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Am J Obstet Gynecol. 2005 Sep;193(3 Pt 1):739-45.

Endometrial microbial colonization and plasma cell endometritis after spontaneous or indicated preterm versus term delivery.

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Department of Obstetrics and Gynecology, Center for Research in Women's Health, University of Alabama at Birmingham, Birmingham, AL, USA.



This study was undertaken to determine whether endometrial microbial colonization or plasma cell endometritis is increased after spontaneous versus indicated preterm delivery or a spontaneous term delivery.


Postpartum, endometrial specimens were obtained after a spontaneous (mean 83, +/- 17.6 days) or indicated (mean 83, +/- 16.7 days) preterm delivery before 34 weeks' gestation and after a spontaneous term delivery (mean 82, +/- 15.7 days; P=.980). Cultures for aerobic and anaerobic bacteria, Trichomonas vaginalis, and genital mycoplasmas were performed. Histologic endometritis was defined as the presence of plasma cells.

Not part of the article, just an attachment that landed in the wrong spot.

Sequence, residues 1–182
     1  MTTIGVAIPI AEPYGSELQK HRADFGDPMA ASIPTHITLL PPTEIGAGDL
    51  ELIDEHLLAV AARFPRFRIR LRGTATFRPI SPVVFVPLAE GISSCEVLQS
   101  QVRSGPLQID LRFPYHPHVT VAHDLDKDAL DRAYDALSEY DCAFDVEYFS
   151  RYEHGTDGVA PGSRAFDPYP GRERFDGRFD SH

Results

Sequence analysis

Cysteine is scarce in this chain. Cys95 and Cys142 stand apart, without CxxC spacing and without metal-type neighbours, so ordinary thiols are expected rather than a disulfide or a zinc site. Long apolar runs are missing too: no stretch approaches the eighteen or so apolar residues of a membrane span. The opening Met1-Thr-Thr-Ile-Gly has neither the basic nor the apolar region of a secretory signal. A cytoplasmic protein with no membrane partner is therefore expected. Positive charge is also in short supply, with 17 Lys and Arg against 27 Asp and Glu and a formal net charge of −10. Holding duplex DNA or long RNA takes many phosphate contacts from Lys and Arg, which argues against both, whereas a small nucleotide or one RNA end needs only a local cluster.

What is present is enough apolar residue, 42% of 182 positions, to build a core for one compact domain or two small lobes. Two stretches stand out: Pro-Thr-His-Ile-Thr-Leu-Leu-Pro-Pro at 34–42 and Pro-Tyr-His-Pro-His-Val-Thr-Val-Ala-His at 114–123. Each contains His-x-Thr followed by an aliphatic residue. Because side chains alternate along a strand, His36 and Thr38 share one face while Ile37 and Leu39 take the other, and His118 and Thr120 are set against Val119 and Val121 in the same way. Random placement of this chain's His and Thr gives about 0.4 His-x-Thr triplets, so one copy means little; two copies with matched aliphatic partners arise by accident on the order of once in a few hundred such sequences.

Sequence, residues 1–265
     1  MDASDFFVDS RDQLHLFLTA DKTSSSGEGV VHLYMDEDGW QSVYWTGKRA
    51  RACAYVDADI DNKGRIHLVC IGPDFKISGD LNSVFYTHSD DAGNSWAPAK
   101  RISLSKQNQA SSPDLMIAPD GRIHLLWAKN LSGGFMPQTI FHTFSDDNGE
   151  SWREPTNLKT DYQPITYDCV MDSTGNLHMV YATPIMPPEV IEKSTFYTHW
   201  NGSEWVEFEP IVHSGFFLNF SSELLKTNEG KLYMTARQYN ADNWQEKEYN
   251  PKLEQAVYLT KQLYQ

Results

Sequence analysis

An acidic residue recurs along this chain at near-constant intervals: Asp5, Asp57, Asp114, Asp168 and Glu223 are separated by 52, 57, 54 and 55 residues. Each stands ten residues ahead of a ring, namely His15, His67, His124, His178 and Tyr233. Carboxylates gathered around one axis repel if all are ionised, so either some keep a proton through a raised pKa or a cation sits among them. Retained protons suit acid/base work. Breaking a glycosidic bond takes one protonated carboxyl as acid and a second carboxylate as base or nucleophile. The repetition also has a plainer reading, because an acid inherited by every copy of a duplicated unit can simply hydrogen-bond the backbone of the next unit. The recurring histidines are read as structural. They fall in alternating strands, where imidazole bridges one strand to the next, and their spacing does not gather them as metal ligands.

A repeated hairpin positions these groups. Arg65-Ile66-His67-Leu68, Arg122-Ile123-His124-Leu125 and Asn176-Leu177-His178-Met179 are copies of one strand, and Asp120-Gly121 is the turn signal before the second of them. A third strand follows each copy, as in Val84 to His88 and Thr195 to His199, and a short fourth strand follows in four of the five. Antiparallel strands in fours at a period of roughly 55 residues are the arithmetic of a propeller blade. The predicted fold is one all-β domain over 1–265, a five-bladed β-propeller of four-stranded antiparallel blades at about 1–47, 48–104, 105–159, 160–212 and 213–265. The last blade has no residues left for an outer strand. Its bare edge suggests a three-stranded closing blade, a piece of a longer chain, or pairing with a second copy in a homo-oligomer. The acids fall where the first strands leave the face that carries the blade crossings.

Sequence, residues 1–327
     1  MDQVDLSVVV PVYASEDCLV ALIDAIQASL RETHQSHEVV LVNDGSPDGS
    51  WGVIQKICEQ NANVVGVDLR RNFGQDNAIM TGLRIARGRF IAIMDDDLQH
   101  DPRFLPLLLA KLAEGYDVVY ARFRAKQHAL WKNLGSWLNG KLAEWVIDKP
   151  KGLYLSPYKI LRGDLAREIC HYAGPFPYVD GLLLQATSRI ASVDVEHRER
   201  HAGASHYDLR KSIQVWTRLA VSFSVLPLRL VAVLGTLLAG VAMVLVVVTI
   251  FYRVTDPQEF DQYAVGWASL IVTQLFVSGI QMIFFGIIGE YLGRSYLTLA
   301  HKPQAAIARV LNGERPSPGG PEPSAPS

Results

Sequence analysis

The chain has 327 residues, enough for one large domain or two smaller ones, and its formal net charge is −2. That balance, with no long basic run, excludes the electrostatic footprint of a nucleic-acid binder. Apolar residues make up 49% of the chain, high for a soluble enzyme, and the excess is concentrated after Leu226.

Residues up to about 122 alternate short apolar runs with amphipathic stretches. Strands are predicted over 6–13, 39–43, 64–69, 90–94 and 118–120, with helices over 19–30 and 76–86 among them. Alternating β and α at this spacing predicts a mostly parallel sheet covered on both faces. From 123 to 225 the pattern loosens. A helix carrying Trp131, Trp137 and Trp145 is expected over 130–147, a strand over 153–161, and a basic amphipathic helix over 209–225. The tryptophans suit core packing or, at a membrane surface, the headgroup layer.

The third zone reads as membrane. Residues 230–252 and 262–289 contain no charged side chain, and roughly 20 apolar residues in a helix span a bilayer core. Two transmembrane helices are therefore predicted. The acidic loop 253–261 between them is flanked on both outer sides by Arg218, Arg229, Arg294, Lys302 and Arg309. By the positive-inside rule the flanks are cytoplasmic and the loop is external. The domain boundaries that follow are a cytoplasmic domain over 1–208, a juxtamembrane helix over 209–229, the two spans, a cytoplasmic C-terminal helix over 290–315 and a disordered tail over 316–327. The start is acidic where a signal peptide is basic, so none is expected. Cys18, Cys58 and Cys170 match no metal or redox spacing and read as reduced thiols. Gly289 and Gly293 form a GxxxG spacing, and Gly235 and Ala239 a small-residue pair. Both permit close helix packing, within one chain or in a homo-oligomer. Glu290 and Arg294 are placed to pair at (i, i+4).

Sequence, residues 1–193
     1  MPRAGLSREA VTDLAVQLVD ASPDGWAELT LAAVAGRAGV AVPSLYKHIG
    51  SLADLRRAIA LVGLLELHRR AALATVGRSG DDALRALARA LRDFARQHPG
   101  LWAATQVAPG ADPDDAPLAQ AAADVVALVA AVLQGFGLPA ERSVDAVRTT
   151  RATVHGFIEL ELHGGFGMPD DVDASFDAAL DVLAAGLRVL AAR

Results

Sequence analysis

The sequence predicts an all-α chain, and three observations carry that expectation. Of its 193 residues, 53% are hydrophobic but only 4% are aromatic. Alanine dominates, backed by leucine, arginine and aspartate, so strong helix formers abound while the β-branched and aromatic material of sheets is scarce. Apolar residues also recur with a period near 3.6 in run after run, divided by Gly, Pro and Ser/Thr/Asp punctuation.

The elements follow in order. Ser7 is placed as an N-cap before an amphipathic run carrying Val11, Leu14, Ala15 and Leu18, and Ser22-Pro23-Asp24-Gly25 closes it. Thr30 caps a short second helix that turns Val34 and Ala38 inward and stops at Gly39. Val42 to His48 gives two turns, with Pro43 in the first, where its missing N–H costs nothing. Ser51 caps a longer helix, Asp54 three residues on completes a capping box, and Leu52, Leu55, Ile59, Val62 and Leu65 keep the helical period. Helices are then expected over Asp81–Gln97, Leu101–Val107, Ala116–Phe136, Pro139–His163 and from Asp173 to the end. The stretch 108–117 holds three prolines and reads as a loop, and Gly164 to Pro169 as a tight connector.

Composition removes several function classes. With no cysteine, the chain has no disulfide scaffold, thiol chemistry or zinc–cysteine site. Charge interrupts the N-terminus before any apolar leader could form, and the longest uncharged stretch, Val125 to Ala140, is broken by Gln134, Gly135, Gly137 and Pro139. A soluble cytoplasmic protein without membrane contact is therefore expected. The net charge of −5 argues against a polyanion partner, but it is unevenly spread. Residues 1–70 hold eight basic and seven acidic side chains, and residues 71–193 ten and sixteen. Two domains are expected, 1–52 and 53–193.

The study population (n=820) was 71% black, 29% white, 69% unmarried, and 31% had less than 12 years of education. Endometrial cultures were positive for at least 1 microorganism in 82% of the women. No significant difference in positive endometrial cultures were observed among women after a spontaneous versus an indicated preterm delivery (85% vs 79%, P=.102), or a spontaneous preterm versus a spontaneous term delivery (85% vs 81%, P=.123). Plasma cell endometritis was present in 39% of 506 specimens sufficient for histologic examination and was also similar in the three groups (P=.160).


Microbial colonization of the endometrium and plasma cell endometritis are similar 3 months after spontaneous or indicated preterm or term births. Therefore, chronic infection and inflammation of the endometrium (documented at 3 months postpartum) do not appear to be risk factors for subsequent delivery in women with a prior spontaneous delivery less than 34 weeks' gestation.

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